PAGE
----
Yes, it is Spring Training. Yes, we should still be worried about Connor Brogdon

Although the 2021 Phillies’ bullpen was historically bad, there were a few bright spots. Connor Brogdon was one of those positives. Outside of a rough outing against the Giants early in the season, he was the most consistent bullpen arm the team had.

Naturally, he was expected to take on a larger role for the team this year. However, he hasn’t looked right in his outings this spring.

That theme continued on Wednesday.

Brogdon had a rough inning of work against the Tigers. Detroit had three hits in the inning, including back-to-back doubles. More concerning, his average fastball velocity was 92.8; he’s usually in the mid-90s. It isn’t uncommon for pitchers to build velocity gradually in spring training. That said, with the quick Spring Training, pitchers need to find their stuff quicker than other seasons.

Brogdon still hasn’t found it.

A velocity dip affects pitchers like Brogdon more than others. His out pitch is his changeup, which relies on a velocity difference to be affective. On average, his changeup was 11 mph slower than his fastball in 2021 (96.0 vs 84.6). That being said, the change will have batters out in front because it looks like a fastball coming out of the hand. Fans saw how effective that pitch combination could be last year.

Fast forward to now, Brogdon’s fastball is 3-4 mph slower. Not only does that make his fastball less effective, but it also makes his changeup less effective. Including his cutter, which isn’t very good in my opinion, Brogdon throws three pitches between 85 and 93 mph. There isn’t enough variety to throw off major league batters.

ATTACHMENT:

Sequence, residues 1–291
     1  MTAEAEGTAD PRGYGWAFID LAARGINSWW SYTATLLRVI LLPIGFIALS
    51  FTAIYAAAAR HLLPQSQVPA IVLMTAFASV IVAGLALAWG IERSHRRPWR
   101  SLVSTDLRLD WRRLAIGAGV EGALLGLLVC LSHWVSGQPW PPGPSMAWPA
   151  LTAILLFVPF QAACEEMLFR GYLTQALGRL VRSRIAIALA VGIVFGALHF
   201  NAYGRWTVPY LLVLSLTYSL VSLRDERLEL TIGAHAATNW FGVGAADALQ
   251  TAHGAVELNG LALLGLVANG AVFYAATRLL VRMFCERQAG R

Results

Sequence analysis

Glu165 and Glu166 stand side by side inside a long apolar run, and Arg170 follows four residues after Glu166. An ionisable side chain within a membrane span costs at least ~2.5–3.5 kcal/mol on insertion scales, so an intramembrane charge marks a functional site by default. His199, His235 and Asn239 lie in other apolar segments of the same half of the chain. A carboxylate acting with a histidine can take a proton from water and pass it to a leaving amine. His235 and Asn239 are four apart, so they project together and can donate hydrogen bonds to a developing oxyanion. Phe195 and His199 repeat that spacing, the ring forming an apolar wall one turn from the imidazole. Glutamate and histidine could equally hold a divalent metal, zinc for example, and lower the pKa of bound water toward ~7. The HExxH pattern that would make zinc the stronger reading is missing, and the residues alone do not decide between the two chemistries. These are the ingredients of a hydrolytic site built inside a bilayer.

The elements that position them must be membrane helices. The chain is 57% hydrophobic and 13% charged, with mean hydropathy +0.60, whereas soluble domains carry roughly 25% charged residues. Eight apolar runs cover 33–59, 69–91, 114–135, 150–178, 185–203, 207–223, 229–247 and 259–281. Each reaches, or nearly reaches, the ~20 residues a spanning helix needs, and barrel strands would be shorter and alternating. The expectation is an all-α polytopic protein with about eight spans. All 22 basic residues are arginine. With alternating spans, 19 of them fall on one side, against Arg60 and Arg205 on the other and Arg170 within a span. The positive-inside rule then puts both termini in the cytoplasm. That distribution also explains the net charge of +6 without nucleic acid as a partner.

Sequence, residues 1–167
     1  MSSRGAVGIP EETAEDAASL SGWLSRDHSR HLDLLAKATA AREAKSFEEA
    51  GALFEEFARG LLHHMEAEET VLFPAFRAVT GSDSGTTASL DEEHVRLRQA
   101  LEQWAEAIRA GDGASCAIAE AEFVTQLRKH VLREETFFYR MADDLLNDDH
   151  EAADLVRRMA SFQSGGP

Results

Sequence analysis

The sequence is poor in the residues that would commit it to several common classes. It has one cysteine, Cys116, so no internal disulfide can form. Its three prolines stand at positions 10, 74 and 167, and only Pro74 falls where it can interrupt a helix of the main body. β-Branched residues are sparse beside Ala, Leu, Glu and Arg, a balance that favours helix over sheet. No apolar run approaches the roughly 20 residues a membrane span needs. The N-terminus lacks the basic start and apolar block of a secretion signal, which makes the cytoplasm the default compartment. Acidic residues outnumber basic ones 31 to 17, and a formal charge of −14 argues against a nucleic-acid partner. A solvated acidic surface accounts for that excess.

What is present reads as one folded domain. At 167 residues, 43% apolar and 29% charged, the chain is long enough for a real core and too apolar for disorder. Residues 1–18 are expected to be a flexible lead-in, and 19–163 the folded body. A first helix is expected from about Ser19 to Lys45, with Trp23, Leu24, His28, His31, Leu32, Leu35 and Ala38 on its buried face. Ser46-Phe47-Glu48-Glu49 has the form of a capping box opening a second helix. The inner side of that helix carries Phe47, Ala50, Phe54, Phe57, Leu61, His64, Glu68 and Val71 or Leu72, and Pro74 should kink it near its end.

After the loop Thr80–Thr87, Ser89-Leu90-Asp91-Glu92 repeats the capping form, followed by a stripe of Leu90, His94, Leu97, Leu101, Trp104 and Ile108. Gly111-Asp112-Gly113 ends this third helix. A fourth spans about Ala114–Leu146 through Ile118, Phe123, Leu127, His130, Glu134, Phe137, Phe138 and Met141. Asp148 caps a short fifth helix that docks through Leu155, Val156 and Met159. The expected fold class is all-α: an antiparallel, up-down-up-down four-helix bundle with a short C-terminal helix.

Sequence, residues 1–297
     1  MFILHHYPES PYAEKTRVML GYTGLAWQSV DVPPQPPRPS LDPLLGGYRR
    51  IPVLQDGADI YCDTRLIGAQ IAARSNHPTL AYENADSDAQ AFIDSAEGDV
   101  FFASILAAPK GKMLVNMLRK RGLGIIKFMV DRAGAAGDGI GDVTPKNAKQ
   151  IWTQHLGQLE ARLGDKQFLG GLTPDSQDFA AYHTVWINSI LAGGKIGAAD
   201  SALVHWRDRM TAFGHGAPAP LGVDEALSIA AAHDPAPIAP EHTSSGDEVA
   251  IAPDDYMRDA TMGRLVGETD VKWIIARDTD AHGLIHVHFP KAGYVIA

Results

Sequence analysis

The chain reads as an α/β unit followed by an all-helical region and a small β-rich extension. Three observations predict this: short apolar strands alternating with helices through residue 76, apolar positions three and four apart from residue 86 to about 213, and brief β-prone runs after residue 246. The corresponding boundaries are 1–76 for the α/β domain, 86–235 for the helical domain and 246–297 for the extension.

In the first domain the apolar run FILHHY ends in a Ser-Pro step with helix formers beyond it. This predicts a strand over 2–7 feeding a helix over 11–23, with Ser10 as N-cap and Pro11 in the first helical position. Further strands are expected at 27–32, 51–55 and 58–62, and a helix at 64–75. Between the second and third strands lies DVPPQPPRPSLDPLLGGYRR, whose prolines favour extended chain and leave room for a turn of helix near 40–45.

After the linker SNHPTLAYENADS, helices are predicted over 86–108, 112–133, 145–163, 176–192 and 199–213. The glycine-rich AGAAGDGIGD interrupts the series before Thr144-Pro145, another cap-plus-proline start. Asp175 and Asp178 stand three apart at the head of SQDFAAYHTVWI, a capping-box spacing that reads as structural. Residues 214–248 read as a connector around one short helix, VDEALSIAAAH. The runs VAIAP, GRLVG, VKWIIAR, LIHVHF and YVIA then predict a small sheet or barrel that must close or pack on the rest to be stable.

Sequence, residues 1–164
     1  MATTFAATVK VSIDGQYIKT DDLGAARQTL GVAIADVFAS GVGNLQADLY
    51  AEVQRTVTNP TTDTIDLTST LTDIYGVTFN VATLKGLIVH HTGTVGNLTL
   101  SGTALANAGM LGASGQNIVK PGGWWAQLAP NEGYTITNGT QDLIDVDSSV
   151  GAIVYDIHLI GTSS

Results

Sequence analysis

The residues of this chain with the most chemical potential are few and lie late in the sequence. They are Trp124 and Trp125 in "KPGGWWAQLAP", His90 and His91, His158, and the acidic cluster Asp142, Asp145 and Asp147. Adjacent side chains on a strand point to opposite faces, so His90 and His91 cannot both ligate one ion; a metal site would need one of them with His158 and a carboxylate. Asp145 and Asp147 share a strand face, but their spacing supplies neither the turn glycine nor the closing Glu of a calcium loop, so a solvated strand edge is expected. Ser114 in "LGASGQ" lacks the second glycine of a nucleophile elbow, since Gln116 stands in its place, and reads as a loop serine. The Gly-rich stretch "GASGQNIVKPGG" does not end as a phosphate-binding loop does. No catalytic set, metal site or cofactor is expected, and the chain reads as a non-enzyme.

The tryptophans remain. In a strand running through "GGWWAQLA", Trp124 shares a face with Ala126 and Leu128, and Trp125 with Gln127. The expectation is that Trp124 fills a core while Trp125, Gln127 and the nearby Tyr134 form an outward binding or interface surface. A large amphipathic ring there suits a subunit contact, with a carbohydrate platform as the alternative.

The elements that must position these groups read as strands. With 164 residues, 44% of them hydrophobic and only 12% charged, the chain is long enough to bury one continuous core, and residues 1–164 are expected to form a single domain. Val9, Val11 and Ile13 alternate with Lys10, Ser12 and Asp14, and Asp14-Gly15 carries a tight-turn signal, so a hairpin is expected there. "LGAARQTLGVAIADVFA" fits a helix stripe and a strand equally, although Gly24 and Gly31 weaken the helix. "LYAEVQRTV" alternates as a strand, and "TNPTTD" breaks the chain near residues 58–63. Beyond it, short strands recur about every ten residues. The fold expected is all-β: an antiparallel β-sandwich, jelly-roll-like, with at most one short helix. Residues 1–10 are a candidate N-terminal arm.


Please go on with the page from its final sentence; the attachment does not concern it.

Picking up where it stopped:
In what seems like a theme every year, the bullpen is coming into 2022 almost completely reconstructed. Brogdon, one of the few carryovers from 2021, was lining up to pitch some high leverage innings for the team. However, the way he has looked this spring, I am not sure he will even break camp with the team.

He will not be effective enough to warrant a roster spot if this velocity decrease is the new norm. Pair that with uncertainty of Jose Alvarado’s Opening Day status, and the Phillies bullpen depth is shrinking quickly (as if they had any to start with).

Replacing someone who threw close to 60 innings in 2021 this close to Spring Training is not easy. Doing it this close to Opening Day is even harder. Above all, the team is hoping that this is either just a slow start or a case of dead arm.

Regardless of the reasoning, the concern level for Brogdon is high. If he isn’t able to find his stuff, the Phillies are going to have to replace his output from last year.

I am not sure if they have the talent to do so.

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